The English cause was indeed irretrievably lost. In spite of a pompous coronation of the boy-king Henry at Paris, Bedford, with the cool wisdom of his temper, seems to have abandoned all hope of permanently retaining France, and to have fallen back on his brother's original plan of securing Normandy. Henry's Court was established for a year at Rouen, a university founded at Caen, and whatever rapine and disorder might be permitted elsewhere, justice, good government, and security for trade were steadily maintained through the favoured provinces. At home Bedford was resolutely backed by the Bishop of Winchester, who had been raised in 1426 to the rank of Cardinal, and who now again governed England through the Royal Council in spite of the fruitless struggles of the Duke of Gloucester. Even when he had been excluded from the Council by Gloucester's intrigues, Beaufort's immense wealth was poured without stint into the exhausted Treasury till his loans to the Crown amounted to half-a-million; and he had unscrupulously diverted an army which he had raised at his own cost for the Hussite Crusade in Bohemia to the relief of Bedford after the deliverance of Orleans. The Cardinal's diplomatic ability was seen in the truces he wrung from Scotland, and in his personal efforts to prevent the reconciliation of Burgundy with France. In 1435 however the Duke of Burgundy concluded a formal treaty with Charles; and his desertion was followed by a yet more fatal blow to the English cause in the death of Bedford. Paris rose suddenly against its English garrison and declared for King Charles. Henry's dominion shrank at once to Normandy and the outlying fortresses of Picardy and Maine. But reduced as they were to a mere handful, and fronted by a whole nation in arms, the English soldiers struggled on with as desperate a bravery as in their days of triumph.
Lord Talbot, the most daring of their chiefs, forded the Somme with the waters up to his chin to relieve Crotoy, and threw his men across the Oise in the face of a French army to relieve Pontoise. The Duke of York, who succeeded Bedford as Regent, by his abilities stemmed for a time the tide of ill-fortune, but the jealousy shown to him by the King's counsellors told fatally on the course of the war. A fresh effort for peace was made by the Earl of Suffolk, who swayed the Council after age forced Beaufort to retire to Winchester, and who negotiated for his master a marriage with Margaret, the daughter of Duke René of Anjou. Not only Anjou, of which England possessed nothing, but Maine, the bulwark of Normandy, were ceded to Duke Rend as the price of a match which Suffolk regarded as the prelude to peace. But the terms of the treaty and the delays which still averted a final peace gave new strength to the war-party with Gloucester at its head. The danger was roughly met. Gloucester was arrested as he rode to Parliament on a charge of secret conspiracy; and a few days later he was found dead in his lodging.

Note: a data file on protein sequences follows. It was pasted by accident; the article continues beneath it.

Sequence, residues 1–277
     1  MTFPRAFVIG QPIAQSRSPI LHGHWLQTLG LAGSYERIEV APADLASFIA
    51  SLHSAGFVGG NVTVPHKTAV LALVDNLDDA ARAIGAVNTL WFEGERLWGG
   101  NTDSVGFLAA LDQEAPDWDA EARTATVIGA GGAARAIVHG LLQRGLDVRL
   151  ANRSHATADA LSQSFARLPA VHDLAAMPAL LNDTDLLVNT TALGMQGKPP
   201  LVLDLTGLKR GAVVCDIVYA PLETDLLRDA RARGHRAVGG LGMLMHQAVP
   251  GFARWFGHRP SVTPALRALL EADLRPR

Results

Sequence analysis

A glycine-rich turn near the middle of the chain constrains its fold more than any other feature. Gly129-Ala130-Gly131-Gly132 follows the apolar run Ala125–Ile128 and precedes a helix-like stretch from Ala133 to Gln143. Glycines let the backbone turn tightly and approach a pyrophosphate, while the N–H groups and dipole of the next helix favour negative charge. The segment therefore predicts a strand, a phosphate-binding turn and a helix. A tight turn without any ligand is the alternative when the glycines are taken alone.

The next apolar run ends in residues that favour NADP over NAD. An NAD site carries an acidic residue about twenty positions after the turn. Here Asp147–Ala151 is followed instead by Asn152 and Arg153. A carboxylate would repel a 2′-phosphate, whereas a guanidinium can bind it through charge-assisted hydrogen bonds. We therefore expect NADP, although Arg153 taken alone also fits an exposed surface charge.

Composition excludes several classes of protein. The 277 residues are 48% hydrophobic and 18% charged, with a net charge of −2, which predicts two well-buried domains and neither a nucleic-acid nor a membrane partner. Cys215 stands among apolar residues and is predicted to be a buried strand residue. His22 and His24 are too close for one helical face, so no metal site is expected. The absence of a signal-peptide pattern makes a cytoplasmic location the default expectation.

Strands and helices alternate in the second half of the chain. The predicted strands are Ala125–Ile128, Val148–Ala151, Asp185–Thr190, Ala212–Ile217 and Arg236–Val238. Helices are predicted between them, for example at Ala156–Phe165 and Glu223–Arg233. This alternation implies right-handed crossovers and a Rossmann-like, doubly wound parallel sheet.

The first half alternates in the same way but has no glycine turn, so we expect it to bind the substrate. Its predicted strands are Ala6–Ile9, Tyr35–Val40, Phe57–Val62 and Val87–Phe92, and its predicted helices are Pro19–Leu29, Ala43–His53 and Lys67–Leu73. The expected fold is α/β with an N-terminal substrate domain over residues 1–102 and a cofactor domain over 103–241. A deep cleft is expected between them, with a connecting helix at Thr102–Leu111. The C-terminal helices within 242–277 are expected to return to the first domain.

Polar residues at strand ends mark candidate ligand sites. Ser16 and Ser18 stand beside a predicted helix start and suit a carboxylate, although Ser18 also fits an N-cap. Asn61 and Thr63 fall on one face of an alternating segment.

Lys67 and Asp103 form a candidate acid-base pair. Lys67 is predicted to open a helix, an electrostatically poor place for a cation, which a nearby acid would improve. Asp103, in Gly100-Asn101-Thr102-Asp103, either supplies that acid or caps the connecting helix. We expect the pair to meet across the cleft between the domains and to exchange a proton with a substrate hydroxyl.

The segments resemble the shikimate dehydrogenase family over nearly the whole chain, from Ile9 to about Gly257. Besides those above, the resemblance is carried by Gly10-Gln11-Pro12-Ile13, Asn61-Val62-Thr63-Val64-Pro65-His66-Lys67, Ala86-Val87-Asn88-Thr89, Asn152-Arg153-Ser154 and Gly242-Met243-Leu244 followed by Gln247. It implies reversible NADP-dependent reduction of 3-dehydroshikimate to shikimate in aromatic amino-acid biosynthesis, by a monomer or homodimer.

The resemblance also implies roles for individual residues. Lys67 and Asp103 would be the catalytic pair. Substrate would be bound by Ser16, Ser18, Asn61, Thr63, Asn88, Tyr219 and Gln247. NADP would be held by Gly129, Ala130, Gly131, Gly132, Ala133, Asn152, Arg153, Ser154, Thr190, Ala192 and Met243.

But the difficulties he had raised foiled Suffolk in his negotiations; and though Charles extorted the surrender of Le Mans by a threat of war, the provisions of the treaty remained for the most part unfulfilled. The struggle, however, now became a hopeless one. In two months from the resumption of the war half Normandy was in the hands of Dunois;
Rouen rose against her feeble garrison and threw open her gates to Charles; and the defeat of an English force at Fourmigny was the signal for revolt throughout the rest of the province. The surrender of Cherbourg in 1450 left Henry not a foot of Norman ground, and the next year the last fragment of the Duchy of Guienne was lost. Gascony indeed once more turned to the English Crown on the landing of an English force under Talbot, Earl of Shrewsbury. But ere the twenty thousand men whose levy was voted by Parliament for his aid could cross the Channel Shrewsbury suddenly found himself face to face with the whole French army. His men were mown down by its guns, and the Earl himself left dead on the field. The surrender of fortress after fortress secured the final expulsion of the English from the soil of France. The Hundred Years' War had ended, not only in the loss of the temporary conquests made since the time of Edward the Third, with the exception of Calais, but in the loss of the great southern province which had remained in English hands ever since the marriage of its Duchess, Eleanor, to Henry the Second, and in the building up of France into a far greater power than it had ever been before.